6 Ways to Eat for a Better Mood
It's been a long day at school; what are you in the mood to eat? A warm chocolate chip cookie? A basket of french fries washed down with a soda?
Admit it, those sound pretty satisfying sometimes. And most us think that a little zap of sugar will also make us feel better. It's almost true, too. Your stomach, it turns out, is good at messing with your head. Food and mood have quite a relationship.
Keeping your blood sugar (also known as glucose) at a pretty steady level affects how you feel physically and also helps your brain work better. "When you feel better, your mood is better," says Bethany Thayer, a registered dietitian and a spokesperson for the American Dietetic Association. And when you aren't keeping that blood sugar at an even level, you can feel tired, irritable, or just bummed out.
Sugary snacks or sodas give you a quick boost. But their boost fizzles out fast, since those foods and drinks usually don't offer any nutritious, long-lasting fuel for your body. Fatty foods, meanwhile, raise the fat levels in your bloodstream. That can make you feel sluggish. Just think about how you're really not in the mood to study for a math test right after you eat a cheeseburger combo meal.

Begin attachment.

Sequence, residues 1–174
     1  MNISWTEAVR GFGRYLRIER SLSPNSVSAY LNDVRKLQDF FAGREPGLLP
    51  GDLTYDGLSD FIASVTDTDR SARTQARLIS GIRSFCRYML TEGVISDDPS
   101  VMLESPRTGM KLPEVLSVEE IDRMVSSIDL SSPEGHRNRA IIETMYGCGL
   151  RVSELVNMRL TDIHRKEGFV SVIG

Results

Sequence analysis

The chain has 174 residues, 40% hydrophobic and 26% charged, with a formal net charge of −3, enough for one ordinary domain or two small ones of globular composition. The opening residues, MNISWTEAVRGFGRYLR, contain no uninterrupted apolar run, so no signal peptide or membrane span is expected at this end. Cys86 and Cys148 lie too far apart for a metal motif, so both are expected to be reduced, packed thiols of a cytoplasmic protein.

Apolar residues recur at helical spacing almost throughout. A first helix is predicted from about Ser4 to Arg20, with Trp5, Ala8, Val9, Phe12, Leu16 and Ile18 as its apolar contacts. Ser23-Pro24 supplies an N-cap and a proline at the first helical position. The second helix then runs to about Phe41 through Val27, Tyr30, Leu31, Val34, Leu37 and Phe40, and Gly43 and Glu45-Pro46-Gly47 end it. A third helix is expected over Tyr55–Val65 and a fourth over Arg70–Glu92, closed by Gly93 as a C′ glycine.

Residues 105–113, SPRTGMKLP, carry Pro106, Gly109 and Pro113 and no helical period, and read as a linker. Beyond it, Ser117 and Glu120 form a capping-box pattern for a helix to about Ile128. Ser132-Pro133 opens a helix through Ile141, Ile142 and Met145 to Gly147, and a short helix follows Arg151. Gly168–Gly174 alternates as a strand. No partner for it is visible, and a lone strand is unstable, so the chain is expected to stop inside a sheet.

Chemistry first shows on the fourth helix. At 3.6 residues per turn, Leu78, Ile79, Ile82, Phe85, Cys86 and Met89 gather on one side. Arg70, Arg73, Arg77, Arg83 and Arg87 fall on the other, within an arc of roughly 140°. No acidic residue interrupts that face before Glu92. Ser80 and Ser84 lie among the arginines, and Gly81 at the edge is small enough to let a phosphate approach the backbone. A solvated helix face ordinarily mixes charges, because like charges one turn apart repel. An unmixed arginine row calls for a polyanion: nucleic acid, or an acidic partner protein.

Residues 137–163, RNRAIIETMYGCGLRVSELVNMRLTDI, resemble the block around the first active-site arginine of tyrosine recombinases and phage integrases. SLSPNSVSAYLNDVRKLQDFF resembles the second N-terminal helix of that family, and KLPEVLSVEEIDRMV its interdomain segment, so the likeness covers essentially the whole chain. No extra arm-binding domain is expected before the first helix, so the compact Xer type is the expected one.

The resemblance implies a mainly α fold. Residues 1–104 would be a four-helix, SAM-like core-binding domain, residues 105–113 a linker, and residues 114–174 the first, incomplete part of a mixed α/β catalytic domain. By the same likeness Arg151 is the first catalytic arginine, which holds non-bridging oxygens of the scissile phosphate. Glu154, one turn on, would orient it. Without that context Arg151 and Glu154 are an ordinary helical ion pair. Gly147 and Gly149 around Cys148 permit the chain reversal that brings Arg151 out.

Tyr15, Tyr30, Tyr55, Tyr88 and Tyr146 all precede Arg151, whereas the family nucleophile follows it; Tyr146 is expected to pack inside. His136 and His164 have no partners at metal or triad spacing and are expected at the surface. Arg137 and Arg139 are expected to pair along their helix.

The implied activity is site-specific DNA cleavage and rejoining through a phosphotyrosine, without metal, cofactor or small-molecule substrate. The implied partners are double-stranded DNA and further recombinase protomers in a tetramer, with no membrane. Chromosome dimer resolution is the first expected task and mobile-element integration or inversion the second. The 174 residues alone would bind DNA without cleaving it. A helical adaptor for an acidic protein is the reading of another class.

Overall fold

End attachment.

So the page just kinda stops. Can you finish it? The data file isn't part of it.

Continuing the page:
While there is always room for the occasional warm cookie, these six good eating habits will boost both your health and your mood for the long haul.
1. Sustain a Good Mood: Grab Your Grains
Eating breads or cereals made from whole grains will keep a smile on your face longer than eating refined carbs such as white bread, flour tortillas, or white rice. "With whole grains, the glucose gets introduced into your bloodstream more smoothly, rather than dumping it all at once," says Thayer. The same goes for getting your fruit from the actual fruit, and not juice. An apple, for example, has filling, lasting fiber, while apple juice has none. Plus, that juice also has a lot more sugar and calories.
2. Avoid a Mood Crash: Don't Skip Breakfast
Your first meal of the day is a big kick-start of glucose to your system so your brain can wake up and take on the day. If you skip it, though, you'll be feeling as flat as a pancake by mid-morning. Your breakfast doesn't have to be big, fancy, or even breakfast-y.
If you like cereal, don't forget the milk: Combining whole-grain cereal with skim milk gives you both carbs for energy and protein for endurance. A great to-go option: a protein-rich cheese, turkey, or peanut butter sandwich. And some breakfast is better than no breakfast. "Eat a banana, some granola bars, something healthy that you can grab," says Teresa Beach, a registered dietitian at Sanford Medical Center in Sioux Falls, S.D. Even better: combine that carb-rich banana with a little peanut butter for a protein boost.